like '%T' = all words ending with a 'T'
like '%T%' = words containing a 'T'

The '_' (an underscore) operator, in mySQL stands for any single character.
LIKE '_ _ T' will find any 3 letter words that end in the letter 'T'

With a little imagination, it is possible to search for exact length strings:

field LIKE '_ _

will extract strings that are exactly 4 characters (regardless of what they are) long.

To confuse things, ACCESS uses the asterisk '*' for the "any sequence of characters" operator in a LIKE statement, and the question mark "?" to stand for any zero or single character.

Grouping Data

Column agglomeration is a great way to summarise large numbers of rows - the GROUP BY, [HAVING] clauses of the select command allow you to compress rows into groups of similar values.

Consider:

select artist, count(albname)
from albums
group by artist

The net result is that copies of each artist name are compressed into single values - (15 Brian Eno's Become 1, for example) and the count(*) reports how many rows were compressed into that group. The result is a 2 column answer table with tallies of the number of albums for each artist.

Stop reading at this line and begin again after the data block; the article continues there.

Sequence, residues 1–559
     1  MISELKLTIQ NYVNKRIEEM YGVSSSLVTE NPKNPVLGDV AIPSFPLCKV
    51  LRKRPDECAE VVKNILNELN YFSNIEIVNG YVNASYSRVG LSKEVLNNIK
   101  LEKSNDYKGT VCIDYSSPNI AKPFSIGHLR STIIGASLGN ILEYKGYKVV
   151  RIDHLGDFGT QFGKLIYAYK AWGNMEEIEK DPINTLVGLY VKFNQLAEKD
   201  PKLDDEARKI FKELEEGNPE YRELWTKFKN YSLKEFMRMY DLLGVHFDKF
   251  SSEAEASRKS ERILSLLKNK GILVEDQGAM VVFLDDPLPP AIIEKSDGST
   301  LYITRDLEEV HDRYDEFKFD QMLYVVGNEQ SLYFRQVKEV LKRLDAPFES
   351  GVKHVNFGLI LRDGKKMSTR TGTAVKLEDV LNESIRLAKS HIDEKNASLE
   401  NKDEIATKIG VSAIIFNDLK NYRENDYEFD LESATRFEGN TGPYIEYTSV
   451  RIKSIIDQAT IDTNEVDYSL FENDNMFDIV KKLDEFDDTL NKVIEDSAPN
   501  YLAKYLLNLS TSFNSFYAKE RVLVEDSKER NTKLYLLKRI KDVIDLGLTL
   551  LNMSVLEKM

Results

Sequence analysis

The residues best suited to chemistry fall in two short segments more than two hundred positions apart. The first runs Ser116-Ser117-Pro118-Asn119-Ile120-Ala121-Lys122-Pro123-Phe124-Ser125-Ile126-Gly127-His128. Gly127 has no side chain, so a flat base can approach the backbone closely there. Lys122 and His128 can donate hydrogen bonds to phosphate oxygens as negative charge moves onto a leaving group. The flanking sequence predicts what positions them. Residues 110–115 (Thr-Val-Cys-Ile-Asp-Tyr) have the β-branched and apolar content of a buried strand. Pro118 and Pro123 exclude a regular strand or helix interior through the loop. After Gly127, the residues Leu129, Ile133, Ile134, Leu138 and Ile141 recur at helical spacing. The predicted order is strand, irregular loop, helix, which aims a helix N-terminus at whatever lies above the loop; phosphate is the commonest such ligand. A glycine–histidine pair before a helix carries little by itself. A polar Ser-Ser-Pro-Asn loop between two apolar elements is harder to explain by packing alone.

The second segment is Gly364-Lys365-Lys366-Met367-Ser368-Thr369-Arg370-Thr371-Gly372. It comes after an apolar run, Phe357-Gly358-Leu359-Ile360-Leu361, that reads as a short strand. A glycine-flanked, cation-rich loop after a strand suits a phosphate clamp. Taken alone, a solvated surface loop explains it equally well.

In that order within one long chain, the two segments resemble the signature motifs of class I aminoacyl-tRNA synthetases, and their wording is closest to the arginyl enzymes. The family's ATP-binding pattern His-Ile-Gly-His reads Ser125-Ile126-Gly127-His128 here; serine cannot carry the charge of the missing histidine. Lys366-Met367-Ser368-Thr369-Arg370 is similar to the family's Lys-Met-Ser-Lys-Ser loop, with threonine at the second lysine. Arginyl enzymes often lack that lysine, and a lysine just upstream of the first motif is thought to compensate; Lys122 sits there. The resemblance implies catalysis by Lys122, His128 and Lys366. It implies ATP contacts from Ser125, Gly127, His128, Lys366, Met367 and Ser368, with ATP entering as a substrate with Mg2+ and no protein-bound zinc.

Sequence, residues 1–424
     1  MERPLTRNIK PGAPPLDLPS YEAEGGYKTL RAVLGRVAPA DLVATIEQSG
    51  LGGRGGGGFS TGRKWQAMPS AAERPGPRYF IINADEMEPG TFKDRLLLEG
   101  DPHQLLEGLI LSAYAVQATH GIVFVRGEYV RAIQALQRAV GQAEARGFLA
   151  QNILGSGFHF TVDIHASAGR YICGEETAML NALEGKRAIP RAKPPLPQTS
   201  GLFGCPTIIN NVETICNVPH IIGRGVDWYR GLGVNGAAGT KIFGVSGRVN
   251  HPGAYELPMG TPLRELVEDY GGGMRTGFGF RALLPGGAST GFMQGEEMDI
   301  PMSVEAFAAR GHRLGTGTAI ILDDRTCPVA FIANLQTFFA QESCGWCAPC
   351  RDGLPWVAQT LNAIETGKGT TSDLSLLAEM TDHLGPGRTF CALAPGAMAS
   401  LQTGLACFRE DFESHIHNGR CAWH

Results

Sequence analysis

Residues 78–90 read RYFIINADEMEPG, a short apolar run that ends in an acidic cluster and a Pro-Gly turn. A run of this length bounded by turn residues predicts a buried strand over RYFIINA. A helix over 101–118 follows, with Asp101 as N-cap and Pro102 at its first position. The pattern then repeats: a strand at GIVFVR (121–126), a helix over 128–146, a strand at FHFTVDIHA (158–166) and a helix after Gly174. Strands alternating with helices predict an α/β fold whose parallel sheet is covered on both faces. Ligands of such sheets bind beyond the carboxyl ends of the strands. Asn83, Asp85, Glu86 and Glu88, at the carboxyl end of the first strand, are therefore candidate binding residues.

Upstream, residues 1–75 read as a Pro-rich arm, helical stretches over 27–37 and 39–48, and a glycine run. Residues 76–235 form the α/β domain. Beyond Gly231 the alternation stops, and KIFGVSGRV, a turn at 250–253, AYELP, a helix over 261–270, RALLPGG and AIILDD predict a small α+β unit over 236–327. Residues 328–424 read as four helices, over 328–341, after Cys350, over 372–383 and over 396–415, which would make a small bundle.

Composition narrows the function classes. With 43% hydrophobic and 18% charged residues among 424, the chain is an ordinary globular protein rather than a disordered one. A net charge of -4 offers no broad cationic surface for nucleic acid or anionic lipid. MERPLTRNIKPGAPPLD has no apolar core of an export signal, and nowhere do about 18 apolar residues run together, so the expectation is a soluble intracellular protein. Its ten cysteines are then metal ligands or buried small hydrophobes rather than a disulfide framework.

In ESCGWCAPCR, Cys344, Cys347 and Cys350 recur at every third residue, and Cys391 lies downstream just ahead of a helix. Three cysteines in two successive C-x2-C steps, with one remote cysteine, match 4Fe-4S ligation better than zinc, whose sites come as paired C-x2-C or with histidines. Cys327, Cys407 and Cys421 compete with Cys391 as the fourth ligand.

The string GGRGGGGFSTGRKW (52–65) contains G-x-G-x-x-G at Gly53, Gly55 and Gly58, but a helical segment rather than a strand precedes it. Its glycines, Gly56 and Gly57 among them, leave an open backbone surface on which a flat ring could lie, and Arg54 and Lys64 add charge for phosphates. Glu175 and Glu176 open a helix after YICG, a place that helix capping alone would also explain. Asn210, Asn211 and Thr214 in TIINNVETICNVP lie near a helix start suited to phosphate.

Row compression using a GROUP BY is limited only by the number and type of groups you want to form:

select artist, media, count(*)
from albums
group by artist, media

Will, for example compress media within artists and return 3 coloums representing how many of each media I have recorded for each media.

You can constrain the groups by invoking the HAVING clause - it can be thought of as a WHERE CLAUSE for the group - allowing you to specify a group condition


select artist
from albums
group by artist
having count(*) > 2

will list any artist I have more than 2 albums of

or

select recco, count(*)
from albums
group by recco
having count(*) > 5

Will show record companies and the number of releases from them so long asthe number is more than 5.

Query Exotica

MATCH (col1,col2,...) AGAINST (expr) can be used in MySQL for FULL TEXT SEARCHES, allowing you to specify what columns to search, and will return the answer table in a sorted form- most similar to the search expression to least similar (this is like a search engine) BUT a FULLTEXT index needs to be added to any column you want to include in this command

more to come here....including

  • between .. and ..
  • order by
  • concatenating strings with output to increase readibility